LATEST figures for the amount of carbon emissions created by the Forest Council have shown the authority’s activities led to more of the “greenhouse gas” being released into the atmosphere.

But the Cabinet member who brief includes the climate emergency says that is because emissions are being recorded more accurately.

According to figures presented to the authority’s Cabinet last week, the amount of emissions increased from 1,300 tonnes in 2019-2020 to 1,800 tonnes in 2020-2021.

Cllr Chris McFarling, (Green, St Briavels), who holds the climate emergency brief, said the increase was due to the use of liquid fuel.

He said the figures were now based on the number of litres of fuel used rather than on mileage.

Fuel use is considered a more reliable indicator as mileage is based on national assumptions about fuel use.

He said: “It looks as if we are going the wrong way but it’s better to be accurate and include the best reality of what our carbon emissions are so we know how much we need to reduce them by.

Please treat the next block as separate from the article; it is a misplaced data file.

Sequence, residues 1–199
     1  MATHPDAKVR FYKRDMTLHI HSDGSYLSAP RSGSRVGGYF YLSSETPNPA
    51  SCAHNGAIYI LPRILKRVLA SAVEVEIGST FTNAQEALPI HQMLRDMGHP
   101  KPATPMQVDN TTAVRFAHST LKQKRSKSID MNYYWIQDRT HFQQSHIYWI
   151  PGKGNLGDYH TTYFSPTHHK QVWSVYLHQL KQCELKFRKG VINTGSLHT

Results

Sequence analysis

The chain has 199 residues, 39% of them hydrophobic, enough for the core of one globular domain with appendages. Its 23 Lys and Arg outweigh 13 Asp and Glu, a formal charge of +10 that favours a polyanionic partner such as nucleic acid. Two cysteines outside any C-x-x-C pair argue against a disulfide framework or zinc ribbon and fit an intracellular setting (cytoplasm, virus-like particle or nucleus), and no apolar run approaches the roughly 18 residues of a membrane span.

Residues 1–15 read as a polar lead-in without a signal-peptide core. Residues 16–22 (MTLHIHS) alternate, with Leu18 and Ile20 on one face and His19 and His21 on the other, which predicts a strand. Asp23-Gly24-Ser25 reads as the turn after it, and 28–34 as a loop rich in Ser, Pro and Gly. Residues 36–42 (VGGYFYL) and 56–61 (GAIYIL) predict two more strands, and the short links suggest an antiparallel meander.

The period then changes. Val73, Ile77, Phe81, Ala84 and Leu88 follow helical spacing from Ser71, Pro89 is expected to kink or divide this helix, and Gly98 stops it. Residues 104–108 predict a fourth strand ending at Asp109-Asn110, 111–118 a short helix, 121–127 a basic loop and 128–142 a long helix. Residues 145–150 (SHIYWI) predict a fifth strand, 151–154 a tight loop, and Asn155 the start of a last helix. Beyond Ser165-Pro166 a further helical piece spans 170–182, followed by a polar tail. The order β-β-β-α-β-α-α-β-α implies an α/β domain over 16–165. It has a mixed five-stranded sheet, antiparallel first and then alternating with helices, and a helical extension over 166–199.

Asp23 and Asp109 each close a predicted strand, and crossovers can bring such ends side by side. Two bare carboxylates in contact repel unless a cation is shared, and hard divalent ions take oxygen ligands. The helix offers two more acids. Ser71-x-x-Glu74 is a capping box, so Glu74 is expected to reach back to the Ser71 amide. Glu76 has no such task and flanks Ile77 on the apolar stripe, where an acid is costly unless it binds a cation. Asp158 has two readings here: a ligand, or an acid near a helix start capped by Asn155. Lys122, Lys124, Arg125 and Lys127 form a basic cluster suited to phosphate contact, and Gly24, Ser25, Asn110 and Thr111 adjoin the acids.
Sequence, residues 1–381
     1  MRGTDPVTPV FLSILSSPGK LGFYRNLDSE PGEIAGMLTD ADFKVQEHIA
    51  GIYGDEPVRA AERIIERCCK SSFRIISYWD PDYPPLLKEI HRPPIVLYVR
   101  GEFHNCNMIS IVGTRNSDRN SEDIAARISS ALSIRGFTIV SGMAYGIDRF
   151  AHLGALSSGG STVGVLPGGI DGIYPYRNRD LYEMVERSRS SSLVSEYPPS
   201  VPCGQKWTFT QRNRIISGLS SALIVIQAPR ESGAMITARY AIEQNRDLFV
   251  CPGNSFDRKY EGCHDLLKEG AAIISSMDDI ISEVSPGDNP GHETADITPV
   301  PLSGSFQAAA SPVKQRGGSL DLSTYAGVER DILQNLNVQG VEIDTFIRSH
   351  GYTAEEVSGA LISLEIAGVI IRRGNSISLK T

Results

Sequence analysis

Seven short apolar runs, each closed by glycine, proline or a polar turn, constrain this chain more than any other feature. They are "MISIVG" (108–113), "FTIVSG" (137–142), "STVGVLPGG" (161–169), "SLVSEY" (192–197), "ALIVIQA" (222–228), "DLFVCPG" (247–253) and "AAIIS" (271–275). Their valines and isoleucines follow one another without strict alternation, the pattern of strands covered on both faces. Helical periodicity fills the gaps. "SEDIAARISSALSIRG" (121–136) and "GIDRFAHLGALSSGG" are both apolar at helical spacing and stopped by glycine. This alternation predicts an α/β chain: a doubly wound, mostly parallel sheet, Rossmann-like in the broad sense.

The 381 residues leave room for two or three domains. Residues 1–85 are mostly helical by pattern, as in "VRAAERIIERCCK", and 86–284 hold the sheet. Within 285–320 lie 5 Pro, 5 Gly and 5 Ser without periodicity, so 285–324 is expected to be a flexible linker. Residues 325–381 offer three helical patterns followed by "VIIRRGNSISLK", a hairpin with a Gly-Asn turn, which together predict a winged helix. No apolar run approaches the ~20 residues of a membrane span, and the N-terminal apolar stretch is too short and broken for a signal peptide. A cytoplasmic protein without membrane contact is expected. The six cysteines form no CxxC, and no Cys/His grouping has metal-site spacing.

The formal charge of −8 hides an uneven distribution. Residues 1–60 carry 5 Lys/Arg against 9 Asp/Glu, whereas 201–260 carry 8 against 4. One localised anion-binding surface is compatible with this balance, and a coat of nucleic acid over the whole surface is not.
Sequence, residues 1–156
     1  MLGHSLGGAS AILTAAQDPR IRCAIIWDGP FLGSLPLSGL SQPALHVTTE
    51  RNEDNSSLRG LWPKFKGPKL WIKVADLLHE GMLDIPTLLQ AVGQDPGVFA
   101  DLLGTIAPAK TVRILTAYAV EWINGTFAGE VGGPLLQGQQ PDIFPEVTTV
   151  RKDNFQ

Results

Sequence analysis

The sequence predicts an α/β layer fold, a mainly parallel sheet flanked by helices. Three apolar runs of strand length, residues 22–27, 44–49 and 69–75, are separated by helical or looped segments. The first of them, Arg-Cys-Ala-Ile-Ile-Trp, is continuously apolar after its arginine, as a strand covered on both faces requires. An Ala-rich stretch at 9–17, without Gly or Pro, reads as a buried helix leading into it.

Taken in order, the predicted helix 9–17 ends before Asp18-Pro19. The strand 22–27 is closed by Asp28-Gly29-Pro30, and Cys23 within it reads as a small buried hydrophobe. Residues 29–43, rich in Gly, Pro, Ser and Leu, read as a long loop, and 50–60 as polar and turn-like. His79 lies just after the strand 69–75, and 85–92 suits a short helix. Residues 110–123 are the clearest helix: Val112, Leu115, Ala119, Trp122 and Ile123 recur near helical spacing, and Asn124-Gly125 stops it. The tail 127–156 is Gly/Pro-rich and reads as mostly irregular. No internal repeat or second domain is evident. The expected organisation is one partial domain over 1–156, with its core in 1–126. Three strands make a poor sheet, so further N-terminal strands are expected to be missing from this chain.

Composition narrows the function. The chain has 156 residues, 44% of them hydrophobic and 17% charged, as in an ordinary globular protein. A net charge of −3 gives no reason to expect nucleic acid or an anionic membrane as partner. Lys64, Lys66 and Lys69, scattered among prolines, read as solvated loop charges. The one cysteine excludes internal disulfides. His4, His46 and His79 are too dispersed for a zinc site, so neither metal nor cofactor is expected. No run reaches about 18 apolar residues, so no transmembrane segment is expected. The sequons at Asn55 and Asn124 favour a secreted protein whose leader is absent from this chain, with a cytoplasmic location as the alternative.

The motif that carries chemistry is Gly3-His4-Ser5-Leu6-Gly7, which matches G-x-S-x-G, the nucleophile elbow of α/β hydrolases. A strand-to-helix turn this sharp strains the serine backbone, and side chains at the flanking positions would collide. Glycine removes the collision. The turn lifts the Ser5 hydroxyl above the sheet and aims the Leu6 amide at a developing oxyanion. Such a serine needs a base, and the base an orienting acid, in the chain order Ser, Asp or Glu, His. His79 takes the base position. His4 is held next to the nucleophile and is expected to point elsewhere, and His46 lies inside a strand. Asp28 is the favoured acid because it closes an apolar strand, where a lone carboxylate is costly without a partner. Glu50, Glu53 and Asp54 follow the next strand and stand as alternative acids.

“It is anticipated that the 21/22 figures will be at a similar level but it reflects how difficult it is to reduce our carbon footprint in the modern age.”

He said the use of electricity was down because of the installation of solar panels and insulation at the council’s headquarters in Coleford.

The use of gas had changed very little which was “very concerning”, he added.

Cllr McFarling also said he wanted to see the council improve its rating on the UK ‘climate emergency scorecard’.

He said the scorecard rated councils according to how well they were doing with their climate emergency action plans.

“As a district council we are about 43 per cent effective.

“The higher we are the better so we can show we are leading on climate change.

“The assessment is 75 questions across seven topics.

“Cotswolds are on 40 and Stroud are on 77.

“We should aim to be a leading council across the country and certainly catch up with Stroud.”